Format: DVD from Sycamore Public Library on laptop.
The things I do for this blog. No, seriously. I’ve gone to some dark places here and I knew when I signed on for this that I would be going places I didn’t want to and that I’d come out the other side with some scars. When I started this project, there were places I hoped I wouldn’t have to go. As the project expanded, some of those darker corners of the cinematic experience came closer and closer. And so, now I’ve gone where I said I wouldn’t. I watched Hostel. Once having done that, I figured there was nothing to lose in watching Hostel Part II.
Before I get into this, and I’m going to tell you now that this is going to be a relatively short pair of reviews, I should make a few admissions. The first is that I don’t like the idea of torture porn, let alone the reality of it. The idea that it’s somehow entertaining to witness gratuitous and meaningless pain is unpleasant to me to say the least. The second admission is that I genuinely dislike Eli Roth. He just looks like such a poser, like a guy who thinks he’s got street cred because his dad bought it for him.
Anyway, I’m not going to do my typical here and go through a massive run of the plot of Hostel or Hostel Part II. This isn’t some moral stance on my part; it’s because neither of these films have much in the way of an actual plot. In Hostel, a couple of Americans named Josh (Derek Richardson) and Paxton (Jay Hernandez) and their Icelandic friend Oli (Eythor Gudjonsson) are backpacking through Europe when a chance encounter leads them to Slovakia with the promise of endless sexual delights. What the find instead is a collection of people who pay scads of money for the privilege of torturing and killing people who have been more or less kidnapped at the eponymous hostel. In Hostel Part II, it’s the same thing except that this time, it’s three women named Beth (Lauren German), Whitney (Bijou Phillips), and Lorna (Heather Matarazzo). The two films are so similar in their lack of plot that it’s not even worth distinguishing them as separate movies. Essentially, they are two episodes of the same shitty show.
I said in the paragraph above that I’m not going to take a moral stance on this, although that wouldn’t be difficult to do. I’m going to stick entirely with the cinematic problems of both Hostel and Hostel Part II. I don’t have a real problem with blood or gore in horror movies. I don’t specifically seek it out, but when it’s used effectively, it’s another tool in the arsenal of the filmmaker. I have a genuine problem with blood and gore used simply for its own sake. Gore that is included simply to be included doesn’t interest me. And that’s all that Hostel and Hostel Part II have to offer us. They are both entirely gratuitous, offering up splatter simply as an end in and of itself. That’s not interesting. It’s not even horror. It’s just grotesquery.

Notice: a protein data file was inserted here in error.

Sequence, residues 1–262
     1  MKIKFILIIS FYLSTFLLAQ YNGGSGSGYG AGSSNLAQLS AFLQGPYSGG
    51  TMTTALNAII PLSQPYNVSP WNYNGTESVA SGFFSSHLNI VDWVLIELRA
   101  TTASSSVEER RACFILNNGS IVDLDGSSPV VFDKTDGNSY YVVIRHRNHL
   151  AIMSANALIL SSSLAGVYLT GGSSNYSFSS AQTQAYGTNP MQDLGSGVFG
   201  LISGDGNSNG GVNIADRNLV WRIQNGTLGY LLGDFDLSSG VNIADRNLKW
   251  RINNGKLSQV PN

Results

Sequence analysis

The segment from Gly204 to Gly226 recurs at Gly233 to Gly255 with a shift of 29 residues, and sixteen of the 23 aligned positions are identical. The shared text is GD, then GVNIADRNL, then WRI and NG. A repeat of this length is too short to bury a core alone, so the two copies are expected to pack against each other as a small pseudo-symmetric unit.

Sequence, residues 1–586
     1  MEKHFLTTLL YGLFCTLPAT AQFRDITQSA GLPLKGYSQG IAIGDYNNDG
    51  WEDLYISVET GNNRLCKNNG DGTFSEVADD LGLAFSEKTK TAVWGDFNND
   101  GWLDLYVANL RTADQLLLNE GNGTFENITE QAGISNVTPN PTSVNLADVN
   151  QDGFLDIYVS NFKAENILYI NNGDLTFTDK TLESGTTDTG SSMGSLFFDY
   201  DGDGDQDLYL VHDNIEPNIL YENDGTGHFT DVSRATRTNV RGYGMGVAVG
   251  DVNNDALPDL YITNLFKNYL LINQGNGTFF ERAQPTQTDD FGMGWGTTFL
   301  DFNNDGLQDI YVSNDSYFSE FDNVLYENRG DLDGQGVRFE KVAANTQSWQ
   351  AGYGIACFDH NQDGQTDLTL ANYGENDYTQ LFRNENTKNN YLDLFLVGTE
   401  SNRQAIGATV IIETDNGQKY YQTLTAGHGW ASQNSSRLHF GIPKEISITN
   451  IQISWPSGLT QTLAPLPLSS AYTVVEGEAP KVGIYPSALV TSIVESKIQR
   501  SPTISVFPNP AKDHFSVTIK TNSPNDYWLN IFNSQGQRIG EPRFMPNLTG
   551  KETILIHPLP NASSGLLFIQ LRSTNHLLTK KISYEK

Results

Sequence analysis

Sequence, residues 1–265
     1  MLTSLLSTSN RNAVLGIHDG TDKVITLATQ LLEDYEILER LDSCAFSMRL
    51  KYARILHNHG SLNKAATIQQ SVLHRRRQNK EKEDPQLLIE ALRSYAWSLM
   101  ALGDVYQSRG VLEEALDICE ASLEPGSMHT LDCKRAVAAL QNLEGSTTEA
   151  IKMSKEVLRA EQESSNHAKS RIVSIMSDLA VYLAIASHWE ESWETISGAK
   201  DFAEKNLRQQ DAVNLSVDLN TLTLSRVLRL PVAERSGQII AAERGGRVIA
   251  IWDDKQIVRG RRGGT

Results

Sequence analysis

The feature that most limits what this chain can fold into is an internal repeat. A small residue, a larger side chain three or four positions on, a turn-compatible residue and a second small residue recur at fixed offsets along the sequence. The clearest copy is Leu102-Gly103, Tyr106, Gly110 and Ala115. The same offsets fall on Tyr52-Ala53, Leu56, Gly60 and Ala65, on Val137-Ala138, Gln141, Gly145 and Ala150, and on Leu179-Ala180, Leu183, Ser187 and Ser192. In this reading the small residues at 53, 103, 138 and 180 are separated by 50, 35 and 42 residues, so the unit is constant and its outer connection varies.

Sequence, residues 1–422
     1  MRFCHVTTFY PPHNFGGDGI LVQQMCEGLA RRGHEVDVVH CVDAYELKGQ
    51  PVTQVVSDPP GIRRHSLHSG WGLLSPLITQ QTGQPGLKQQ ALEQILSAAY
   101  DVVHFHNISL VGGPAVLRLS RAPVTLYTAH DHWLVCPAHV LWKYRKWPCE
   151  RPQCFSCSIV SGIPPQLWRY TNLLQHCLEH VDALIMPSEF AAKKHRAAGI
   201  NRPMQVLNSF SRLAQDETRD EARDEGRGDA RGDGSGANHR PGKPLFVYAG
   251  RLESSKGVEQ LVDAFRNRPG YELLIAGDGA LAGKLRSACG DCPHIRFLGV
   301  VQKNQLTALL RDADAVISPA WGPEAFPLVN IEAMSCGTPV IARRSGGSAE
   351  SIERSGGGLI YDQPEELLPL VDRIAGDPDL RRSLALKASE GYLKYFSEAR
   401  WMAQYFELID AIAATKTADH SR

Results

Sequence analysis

While both Hostel and Hostel Part II are more or less scenes of continuous and gratuitous gore, both films make a specific, clear political statement. In many ways, these films are the clearest realization of the ultra-nationalist “America First” philosophy. I’m not going to say that these films are somehow responsible for much of the current conservative xenophobia, but the elements of it are here. Hostel and at least its first sequel are perhaps the purest distillation of post-9/11 American fears. “Don’t travel to other parts of the world,” these films say. “Stay home where it’s safe and where you won’t get randomly dragged into some European colonialist’s sick torture fantasy.” It’s worth noting that while the events take place in Eastern Europe and a former Soviet-bloc country, the torturers that we encounter come from Western Europe. Y’know, our allies.
There’s a part of me that feels like I should have more to say here. I typically write somewhere in the neighborhood of 750-1000 words about every movie I watch for this site (with a few exceptions), and here I am not so much writing about but writing off two films in that space. And that’s the other significant problem with the two Hostel films. There’s so little here that there’s nothing else to write about. If you were expecting something roughly twice this length, I won’t say I’m sorry to disappoint you, because Eli Roth consistently disappoints me.
Why to watch Hostel: For whatever reason you’ve lost all sense and reason.
Why not to watch: You still sometimes have hope that the world isn’t completely shit.
Why to watch Hostel Part II: Nihilism is its own reward.
Why not to watch: Because there’s a part of you that is still essentially human.